An essay by an anonymous narrator, as provided by Ron Riekki
Art by Leigh Legler
As an EMT, we routinely come upon body parts. A finger gets severed by a pair of pliers. A toe gets cut off by an escalator. A leg gets ex-ed off in a sawing accident. An arm just decides to leap off a body. I don’t know how it happens. I just know that I end up with body parts. What good are they? With living people, I always return them. But if they’re dead, a toe can slip into a pocket. An arm can get covered by some bushes on the side of the road and be returned to later.
What did I start doing with the pieces? I’d read Frankenstein. You have to. Don’t tell me you haven’t. “He was soon borne away by the waves and lost in darkness and distance.” It’s my favorite ending line. It made me want the story to continue. I wanted to step into the darkness and distance and find out what was there. I wanted my own monster.
I started assembling the parts in my basement. It was beautiful seeing a body slowly coming together. I was patient too. You have to earn a body. You can’t just steal one like a nineteenth-century medical body snatcher, digging up graves for medical school anatomy lectures. There’s no skill to that. You just need a shovel and a lantern. What I was doing was the equivalent of cultivating a garden. This wasn’t speed and power. This was the slow, steady dedication of science. When I came upon a wonderful ring finger, it made me feel warm with the realization of just how married I was to physiology. Ring fingers are golden and gorgeous and so rare in amputations. The middle finger, I found, was so common that I just ignored them. It would be flopped boringly in–appropriately–the middle of the room, flipping the bird at the world even in death and I would, honestly, sometimes, flip it off right back, continuing my search for something more valuable. And there were so many tips of fingers. It felt like finding a diamond when a finger was intact, separated beautifully from the rest of the world, waiting for me to cradle it in my palm.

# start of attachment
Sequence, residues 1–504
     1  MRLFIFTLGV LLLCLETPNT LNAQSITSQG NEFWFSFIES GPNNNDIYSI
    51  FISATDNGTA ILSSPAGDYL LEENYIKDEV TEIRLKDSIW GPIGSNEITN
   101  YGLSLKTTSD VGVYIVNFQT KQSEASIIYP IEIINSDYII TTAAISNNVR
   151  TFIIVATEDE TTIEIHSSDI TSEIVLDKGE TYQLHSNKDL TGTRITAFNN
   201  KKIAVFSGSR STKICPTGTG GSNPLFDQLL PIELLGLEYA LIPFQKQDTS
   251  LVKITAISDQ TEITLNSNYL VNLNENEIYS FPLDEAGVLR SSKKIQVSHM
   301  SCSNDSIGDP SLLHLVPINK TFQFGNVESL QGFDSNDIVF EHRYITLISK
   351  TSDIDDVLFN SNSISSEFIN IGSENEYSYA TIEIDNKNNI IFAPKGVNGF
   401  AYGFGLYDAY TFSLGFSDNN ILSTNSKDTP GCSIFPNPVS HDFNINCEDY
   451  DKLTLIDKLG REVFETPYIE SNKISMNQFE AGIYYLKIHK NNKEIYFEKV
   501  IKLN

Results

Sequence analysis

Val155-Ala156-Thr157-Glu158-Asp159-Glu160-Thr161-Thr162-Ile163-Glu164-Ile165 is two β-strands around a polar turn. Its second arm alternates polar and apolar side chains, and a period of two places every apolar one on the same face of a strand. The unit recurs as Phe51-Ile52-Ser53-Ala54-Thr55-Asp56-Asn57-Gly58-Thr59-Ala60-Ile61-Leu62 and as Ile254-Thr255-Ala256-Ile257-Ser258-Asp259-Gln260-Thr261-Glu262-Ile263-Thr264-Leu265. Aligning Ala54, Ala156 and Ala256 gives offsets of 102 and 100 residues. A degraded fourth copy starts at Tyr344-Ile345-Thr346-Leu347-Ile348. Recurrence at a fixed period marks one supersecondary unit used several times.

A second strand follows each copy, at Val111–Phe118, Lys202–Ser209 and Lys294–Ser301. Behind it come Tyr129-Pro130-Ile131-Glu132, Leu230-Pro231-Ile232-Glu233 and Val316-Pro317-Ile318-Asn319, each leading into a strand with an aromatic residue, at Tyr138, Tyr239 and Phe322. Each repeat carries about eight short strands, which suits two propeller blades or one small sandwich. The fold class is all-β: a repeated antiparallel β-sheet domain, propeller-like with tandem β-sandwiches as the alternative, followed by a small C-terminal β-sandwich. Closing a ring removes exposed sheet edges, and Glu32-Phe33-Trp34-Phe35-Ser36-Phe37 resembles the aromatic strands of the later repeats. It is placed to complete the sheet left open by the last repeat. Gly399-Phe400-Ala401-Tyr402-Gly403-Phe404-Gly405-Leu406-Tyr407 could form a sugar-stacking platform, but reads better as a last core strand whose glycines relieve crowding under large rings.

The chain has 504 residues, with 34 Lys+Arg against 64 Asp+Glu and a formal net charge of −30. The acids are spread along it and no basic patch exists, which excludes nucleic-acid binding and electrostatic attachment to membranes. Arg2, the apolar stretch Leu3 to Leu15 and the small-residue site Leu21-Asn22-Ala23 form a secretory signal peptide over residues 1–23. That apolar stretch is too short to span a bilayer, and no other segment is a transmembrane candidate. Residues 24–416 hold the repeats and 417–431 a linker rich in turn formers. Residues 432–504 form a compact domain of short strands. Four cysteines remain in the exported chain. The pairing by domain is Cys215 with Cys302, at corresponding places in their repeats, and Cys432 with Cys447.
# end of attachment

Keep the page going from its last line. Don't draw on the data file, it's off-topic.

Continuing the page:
It took me years to get a complete arm with hand and fingers. Seven different patients. A rainbow of rigor mortis.
To read the rest of this story, check out the Mad Scientist Journal: Winter 2019 collection.
The unnamed narrator of the aforementioned account wishes to remain unnamed. He is currently doing a twenty-six-year sentence in Ruby-Throated Hummingbird Bay State Prison, a Supermax prison in central Rhode Island. While imprisoned, he has been thoroughly rereading the works of Nina Kulagina, Uri Geller, and Stanislawa Tomczyk, and is convinced he should be able to escape by bending metal bars by late June of next year.
Ron Riekki’s books include And Here: 100 Years of Upper Peninsula Writing, 1917-2017 (Michigan State University Press), Here: Women Writing on Michigan’s Upper Peninsula (Michigan State University Press, 2016 Independent Publisher Book Award Gold Medal Great Lakes Best Regional Fiction), The Way North: Collected Upper Peninsula New Works (Wayne State University Press, 2014 Michigan Notable Book awarded by the Library of Michigan), and U.P.: a novel (Ghost Road Press).
Leigh’s professional title is “illustrator,” but that’s just a nice word for “monster-maker,” in this case. More information about them can be found at http://leighlegler.carbonmade.com/.
“Or, The Modern Levitation of Frankenstein” is © 2018 Ron Riekki
Art accompanying story is © 2018 Leigh Legler